Well my brother survived, made “Helicopter”, which I scored and which won a student Academy Award, and I was doing the Expatriots thing, living in the toxic apartment recording 80 demos of the opera, and generally not thriving. Elvis seemed to be in a similar situation, in some ways better off, in some ways more lost than I was. Vague unfocused efforts at recording, general listlessness, obvious sadness and depression. He’d been through something that was more broadly high-profile but also pretty similar to my story. His father was Anthony Perkins, the famous actor. His father had died years before, and then his beautiful, dear mother Berry had been on one of the planes on September 11. So he had had a very public tragedy, several of them, and was, like I was, floating sideways in the putrid wind of grief. But I’d been through it a few years before, and had had a brother who I’d made a movie about the final chapter of our family tragedy with. So I was at that point a half step further along. And I liked his voice and his songs and his spirit, but I could see him and his music just floating sideways in the putrid wind of grief or else getting flattened by one of the various producers ­ nice friends of his famous parents ­ who he was vaguely talking with at the time. I’d had some frustrations with my own earlier attempts to get a sympathetic producer who’d understand what I was wanting to do with music, and through knowing both sides of the lens as it were, I told Elvis what I thought he ought to tell the producers in order to make sure he got something that felt like the full expression of the art he was trying to make. I was advising him for a while on this, over drinks in LA bars and at the shows we started playing together, and at some point in the middle of a show of mine I got a very clear idea in my head of what he should sound like in a recorded form. I jumped off stage to tell him. His songs were poetic but very long ­ either compelling or unfocused, depending on the mood of the listener and the performer. There was something fantastic there but it wasn’t just what he was doing nor was it the pop editing and smoothing out that the producers wanted to do. Inspired by my new notion and by his old demos and his new songs which were now well in my head, I told him how I thought he should sound, how it should be recorded, instrumentation, mood, process. I took inspiration from just three old records, things we both knew and liked, and figured that no-one was doing that anymore. I thought he should to make a pure record, made up of pure performances, something with arrangements and performances that would support a poetic, abstract storytelling style. Instruments and sounds that sound like they’re from another time, a time before electricity. Elvis liked the vision enough to at some point stop asking opinions of me, and just say he wanted me to make his record.  So Elvis and my brother helped me move out of the Toxic Apartment, and I agreed to make his record.  I think we both thought those naturalistic old records were easy.   Well as much as computers can be a bottomless bit, it’s a whole different challenge to produce using absolutely no tricks (or just old tricks), everything the hard way, analog, real performances, music the naked way where it’s either working perfectly or it’s terrible.  Those guys in the old days could really play. Those skills seem lost sometimes. But eventually we did it.  I built the arrangements that I’d imagined to support his stories, and after a lot of coaxing, pain, and prodding, Elvis shrugged off the haze of lethargy and sadness and gave us searing performances of the songs that were worthy of his beautiful writing.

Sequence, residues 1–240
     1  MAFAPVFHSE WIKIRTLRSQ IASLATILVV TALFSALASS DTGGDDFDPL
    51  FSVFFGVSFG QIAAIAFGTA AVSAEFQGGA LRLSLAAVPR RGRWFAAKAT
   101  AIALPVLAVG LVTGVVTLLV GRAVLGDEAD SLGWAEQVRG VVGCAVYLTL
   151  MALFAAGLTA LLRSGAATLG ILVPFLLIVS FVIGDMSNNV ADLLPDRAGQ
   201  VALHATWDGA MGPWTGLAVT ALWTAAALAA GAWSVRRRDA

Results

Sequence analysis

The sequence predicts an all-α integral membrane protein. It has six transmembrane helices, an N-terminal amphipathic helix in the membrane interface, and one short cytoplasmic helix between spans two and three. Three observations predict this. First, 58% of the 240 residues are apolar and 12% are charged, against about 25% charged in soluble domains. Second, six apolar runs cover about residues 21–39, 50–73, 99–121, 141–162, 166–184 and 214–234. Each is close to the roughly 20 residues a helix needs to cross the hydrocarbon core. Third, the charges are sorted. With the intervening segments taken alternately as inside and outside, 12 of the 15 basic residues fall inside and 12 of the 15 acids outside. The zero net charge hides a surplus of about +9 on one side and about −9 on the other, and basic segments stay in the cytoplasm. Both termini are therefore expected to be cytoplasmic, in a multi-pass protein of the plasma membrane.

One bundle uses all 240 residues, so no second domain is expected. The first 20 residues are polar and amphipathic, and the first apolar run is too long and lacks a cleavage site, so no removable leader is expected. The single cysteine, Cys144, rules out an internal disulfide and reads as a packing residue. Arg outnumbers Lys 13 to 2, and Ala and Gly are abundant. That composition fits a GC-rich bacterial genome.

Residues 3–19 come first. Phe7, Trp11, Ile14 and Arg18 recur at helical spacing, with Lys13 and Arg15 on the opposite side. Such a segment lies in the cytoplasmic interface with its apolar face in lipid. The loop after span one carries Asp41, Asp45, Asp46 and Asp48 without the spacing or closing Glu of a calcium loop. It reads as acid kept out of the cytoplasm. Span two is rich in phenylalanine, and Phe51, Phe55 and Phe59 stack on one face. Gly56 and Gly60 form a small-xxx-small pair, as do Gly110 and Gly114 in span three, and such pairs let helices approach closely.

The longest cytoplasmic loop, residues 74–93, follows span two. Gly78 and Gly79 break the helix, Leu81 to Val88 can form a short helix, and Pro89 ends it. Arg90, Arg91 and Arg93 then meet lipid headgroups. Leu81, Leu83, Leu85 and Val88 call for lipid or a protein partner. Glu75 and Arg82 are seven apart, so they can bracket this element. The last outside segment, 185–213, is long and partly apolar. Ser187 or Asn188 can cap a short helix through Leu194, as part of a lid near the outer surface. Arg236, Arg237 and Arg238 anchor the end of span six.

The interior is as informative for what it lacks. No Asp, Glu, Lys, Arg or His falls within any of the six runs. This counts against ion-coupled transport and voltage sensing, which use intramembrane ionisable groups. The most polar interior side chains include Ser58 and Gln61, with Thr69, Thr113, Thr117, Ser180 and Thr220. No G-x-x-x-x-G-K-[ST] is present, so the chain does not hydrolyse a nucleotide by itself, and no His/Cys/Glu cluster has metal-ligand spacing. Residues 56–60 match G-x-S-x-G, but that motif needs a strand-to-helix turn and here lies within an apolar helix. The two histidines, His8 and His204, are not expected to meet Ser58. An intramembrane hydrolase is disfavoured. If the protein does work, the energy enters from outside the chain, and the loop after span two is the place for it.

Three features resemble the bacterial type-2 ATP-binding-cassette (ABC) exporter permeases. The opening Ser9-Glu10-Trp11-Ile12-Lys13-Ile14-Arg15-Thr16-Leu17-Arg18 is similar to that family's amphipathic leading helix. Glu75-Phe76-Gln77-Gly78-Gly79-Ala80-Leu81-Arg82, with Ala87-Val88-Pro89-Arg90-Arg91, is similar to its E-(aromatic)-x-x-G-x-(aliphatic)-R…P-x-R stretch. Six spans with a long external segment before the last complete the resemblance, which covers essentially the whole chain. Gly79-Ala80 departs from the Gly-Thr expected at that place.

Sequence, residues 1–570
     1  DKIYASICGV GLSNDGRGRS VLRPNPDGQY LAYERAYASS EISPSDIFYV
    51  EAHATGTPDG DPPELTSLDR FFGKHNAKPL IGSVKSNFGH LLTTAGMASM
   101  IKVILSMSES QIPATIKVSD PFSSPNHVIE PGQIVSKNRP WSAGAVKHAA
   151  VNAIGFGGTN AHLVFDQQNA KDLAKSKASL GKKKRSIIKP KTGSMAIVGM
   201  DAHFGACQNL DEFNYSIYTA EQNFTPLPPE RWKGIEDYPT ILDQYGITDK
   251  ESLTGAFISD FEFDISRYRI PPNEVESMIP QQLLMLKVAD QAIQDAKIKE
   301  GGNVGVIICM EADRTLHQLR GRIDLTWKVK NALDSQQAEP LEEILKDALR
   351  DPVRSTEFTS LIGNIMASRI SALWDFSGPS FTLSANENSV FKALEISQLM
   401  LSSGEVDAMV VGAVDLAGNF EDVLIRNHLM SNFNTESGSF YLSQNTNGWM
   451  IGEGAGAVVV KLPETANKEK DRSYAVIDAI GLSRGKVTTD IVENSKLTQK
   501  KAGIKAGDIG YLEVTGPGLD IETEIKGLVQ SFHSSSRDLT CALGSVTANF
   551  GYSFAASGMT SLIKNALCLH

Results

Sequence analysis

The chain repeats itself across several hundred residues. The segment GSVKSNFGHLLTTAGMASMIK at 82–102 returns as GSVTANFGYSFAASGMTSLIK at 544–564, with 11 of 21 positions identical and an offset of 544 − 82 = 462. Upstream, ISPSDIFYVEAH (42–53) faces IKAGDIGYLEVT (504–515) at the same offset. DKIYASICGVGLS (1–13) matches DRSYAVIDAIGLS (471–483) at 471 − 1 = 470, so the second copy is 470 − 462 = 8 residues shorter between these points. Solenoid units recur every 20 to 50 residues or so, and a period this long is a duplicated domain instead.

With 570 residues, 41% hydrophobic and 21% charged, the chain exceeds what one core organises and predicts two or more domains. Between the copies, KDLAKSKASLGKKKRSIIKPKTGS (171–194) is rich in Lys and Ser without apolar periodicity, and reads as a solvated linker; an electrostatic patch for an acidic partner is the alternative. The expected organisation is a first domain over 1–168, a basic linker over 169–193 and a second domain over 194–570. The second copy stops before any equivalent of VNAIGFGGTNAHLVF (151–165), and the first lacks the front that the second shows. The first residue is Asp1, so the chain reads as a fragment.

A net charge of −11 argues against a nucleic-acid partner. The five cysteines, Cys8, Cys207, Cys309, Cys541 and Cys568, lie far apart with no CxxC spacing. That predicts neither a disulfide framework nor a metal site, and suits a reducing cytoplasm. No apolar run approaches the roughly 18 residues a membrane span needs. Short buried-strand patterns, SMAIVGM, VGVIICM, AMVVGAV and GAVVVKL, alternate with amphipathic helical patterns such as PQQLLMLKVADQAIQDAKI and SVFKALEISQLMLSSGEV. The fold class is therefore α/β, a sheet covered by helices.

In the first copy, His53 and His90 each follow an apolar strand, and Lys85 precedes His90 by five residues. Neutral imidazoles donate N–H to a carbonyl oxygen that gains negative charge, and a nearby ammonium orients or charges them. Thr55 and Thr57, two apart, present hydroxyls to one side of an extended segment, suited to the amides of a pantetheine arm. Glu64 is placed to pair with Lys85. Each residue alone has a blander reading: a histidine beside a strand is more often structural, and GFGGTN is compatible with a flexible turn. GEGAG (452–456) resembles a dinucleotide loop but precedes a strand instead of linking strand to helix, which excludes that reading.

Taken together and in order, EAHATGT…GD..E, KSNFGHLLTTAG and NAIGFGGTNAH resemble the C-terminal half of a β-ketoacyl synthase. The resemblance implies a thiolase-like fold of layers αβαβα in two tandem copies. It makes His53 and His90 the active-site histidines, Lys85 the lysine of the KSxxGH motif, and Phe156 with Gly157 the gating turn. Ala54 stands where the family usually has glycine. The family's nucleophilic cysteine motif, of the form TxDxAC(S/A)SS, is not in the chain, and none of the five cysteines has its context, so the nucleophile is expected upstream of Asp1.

The world has responded to Ash Wednesday.  Elvis had gone back east to school towards the end of the making of the record, where he rejoined with old friends to make a band which could play the songs in their new form.  After I mixed the record with our great recordist Dave Ahlert, Elvis took the record back to the east coast and was selling it with his new band Dearland at shows.  The blogs started to get it first, in the middle of last year, and the proverbial buzz started, then a label called XL Recordings picked it up, and it’s now just been released to universal acclaim, as you may have heard.  Reviews in Rolling Stone, Spin, Filter, Stylus, put it at or above the best records of the indie darlings that we all know and sometimes love.  Elvis’s story been framed as a story of loss, and it is that.  Ash Wednesday indirectly reflects this country’s great loss, but far more than that it is a totally personal testament to Elvis’ own ride through the darknesses.  I hoped to make something timeless, something that is the ideal manifestation of his unique story and spirit, but also something that will sound as good and speak to people as much about grief and beauty in 100 years as it does now.